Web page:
A panel at last week's ExPlay Festival in Bath analyzed educational videogames and their potential. Each speaker brought a new perspective to the discussion:
Force Of Habit founder Nick Dymond talked about working with a professor of microbiology on Tempest-style game Dysbiosis, which teaches players about the processes of the human gut. The professor’s speciality? Diarrhoea.
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“I think games have a wider role [in society] by nature – as a seven or eight year-old child playing Civilization or Railway Tycoon, I gained an understanding of the Aztecs and old steam engines before I’d been taught any of that at school. And I think that most games offer information like that.”
The Wellcome Trust’s Danny Birchall followed, discussing Axon, a game created to support an exhibition about brains.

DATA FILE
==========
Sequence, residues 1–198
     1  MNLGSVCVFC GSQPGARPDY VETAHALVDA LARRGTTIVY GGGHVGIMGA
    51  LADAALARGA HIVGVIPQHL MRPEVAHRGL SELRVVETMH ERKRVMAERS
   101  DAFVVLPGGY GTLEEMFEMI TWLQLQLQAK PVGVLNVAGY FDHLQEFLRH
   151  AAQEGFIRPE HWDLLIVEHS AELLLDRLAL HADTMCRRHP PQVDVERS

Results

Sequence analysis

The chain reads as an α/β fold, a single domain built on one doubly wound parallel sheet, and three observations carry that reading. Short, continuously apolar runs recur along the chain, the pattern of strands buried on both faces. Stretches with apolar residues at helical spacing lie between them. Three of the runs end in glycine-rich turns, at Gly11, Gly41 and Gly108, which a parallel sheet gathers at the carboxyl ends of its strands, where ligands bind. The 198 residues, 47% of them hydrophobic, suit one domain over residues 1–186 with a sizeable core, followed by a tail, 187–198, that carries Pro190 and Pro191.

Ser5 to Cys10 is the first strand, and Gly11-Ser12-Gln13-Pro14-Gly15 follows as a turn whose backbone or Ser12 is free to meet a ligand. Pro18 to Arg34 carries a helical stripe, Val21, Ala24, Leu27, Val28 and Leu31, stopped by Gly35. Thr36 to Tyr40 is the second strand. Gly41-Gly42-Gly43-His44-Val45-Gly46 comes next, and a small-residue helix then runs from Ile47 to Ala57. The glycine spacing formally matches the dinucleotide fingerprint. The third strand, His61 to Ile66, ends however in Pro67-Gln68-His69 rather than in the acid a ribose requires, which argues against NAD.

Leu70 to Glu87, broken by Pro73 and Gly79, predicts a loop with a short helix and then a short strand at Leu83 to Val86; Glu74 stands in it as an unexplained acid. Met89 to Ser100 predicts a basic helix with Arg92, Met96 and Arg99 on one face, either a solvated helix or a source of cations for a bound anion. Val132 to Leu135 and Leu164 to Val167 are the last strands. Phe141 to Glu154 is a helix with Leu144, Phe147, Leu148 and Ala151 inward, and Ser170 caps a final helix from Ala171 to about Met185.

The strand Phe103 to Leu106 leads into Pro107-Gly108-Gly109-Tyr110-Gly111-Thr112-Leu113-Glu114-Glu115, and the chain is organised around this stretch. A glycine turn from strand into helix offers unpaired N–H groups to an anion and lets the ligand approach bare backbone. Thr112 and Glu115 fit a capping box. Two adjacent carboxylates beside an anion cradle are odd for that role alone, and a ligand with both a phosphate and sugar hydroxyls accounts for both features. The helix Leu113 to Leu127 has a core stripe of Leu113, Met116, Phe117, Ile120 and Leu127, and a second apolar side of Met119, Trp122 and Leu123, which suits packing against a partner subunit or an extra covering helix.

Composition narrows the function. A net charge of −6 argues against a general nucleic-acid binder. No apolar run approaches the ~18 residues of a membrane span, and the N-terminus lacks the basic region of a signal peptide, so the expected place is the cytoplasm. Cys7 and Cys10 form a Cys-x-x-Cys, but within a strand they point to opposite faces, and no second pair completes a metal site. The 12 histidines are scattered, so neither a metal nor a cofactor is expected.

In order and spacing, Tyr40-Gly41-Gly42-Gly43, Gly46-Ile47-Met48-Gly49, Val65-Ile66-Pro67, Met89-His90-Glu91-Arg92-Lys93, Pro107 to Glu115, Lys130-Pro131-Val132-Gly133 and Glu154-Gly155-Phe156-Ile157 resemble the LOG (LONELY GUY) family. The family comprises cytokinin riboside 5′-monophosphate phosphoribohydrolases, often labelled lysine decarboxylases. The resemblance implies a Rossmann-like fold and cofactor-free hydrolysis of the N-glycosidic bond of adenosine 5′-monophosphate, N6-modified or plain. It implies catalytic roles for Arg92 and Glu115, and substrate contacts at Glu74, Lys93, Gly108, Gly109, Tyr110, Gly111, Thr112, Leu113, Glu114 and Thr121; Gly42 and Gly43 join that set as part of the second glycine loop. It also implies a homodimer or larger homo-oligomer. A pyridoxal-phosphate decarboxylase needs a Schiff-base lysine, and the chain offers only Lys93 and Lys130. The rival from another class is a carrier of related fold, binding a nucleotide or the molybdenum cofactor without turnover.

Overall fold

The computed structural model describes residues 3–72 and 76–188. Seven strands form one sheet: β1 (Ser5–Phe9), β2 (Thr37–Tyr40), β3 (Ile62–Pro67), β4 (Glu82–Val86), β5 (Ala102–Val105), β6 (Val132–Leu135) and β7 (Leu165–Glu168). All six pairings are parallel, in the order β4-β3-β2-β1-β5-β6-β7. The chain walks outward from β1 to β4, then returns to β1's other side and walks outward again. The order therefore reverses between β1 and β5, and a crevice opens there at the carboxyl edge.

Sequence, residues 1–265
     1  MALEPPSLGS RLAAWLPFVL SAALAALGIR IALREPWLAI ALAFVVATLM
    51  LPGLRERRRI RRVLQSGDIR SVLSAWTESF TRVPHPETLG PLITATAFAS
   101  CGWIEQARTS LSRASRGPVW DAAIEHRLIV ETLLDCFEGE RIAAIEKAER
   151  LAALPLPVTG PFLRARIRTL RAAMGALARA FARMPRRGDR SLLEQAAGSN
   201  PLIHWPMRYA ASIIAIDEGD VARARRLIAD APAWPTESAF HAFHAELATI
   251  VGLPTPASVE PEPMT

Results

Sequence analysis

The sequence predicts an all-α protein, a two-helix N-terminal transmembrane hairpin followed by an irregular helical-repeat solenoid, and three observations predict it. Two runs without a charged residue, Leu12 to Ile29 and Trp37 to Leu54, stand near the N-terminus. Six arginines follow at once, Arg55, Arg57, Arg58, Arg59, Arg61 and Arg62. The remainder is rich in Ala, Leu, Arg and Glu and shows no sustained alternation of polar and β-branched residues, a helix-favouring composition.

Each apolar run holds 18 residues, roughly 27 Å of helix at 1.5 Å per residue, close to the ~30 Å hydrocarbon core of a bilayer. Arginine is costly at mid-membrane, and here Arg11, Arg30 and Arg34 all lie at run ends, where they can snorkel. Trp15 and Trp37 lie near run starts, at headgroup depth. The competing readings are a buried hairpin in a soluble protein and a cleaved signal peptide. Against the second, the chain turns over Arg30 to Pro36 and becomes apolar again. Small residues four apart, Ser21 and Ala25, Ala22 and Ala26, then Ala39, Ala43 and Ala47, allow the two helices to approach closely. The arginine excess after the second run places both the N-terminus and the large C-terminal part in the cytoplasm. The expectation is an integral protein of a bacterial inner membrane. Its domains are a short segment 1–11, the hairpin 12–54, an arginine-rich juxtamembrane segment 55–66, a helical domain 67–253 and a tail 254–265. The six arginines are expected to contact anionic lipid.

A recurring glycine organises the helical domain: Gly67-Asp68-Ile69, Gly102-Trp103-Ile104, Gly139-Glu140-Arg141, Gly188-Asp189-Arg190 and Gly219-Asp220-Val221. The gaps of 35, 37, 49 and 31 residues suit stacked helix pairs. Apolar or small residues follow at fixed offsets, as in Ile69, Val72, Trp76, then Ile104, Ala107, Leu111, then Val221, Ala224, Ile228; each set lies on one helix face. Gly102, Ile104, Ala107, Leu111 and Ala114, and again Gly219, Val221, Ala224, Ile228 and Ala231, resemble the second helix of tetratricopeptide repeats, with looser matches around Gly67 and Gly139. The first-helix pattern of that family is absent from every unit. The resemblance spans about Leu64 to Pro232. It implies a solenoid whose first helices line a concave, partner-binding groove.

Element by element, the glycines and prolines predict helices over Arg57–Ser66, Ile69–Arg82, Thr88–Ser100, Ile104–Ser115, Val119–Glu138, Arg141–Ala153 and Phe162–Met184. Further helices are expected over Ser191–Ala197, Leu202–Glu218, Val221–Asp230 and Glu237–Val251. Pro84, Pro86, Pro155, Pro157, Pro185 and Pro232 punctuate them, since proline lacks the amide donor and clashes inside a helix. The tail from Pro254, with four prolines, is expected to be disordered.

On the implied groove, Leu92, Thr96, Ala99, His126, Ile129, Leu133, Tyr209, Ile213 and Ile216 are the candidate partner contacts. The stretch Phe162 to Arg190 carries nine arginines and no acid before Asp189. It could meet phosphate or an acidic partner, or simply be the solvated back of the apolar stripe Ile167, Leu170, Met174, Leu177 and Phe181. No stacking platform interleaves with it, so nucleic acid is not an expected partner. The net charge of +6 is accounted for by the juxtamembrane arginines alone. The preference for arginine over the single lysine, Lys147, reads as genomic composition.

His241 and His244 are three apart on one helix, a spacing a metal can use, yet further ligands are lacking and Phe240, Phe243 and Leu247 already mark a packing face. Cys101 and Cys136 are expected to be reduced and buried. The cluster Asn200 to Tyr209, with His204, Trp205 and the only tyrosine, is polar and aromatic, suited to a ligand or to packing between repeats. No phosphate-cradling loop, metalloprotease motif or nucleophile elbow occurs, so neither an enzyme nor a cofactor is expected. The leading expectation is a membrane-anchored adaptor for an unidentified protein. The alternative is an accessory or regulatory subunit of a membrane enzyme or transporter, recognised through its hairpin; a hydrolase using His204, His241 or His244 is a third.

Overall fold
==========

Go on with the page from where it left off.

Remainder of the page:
Phil Stuart, creative director at Preloaded, was the final panel member. After a short video of The End, a Channel 4 Education-commissioned game designed to help non-religious kids and teenagers cope with the notion of death, Stuart revealed the surprising numbers of those who engaged with the game: four and half million players to date, with an average play time of two hours.
While the thought of ‘edutainment’ may not inspire excitement in most gamer’s minds, Stuart echoed the other panel members by assuring the audience, backed up by his figures, that it is possible to align education with real games, and that they needn’t be inferior experiences. Indeed, The End looks like a robust platformer, using a clever light and shadow mechanic to create environmental puzzles, but also adding in questions about philosopy – the player answers simply by entering the yes or no doors.
It's interesting that death is part of the curriculum. Art can elucidate the human condition, and perhaps that ability can be used to teach more traditional subjects.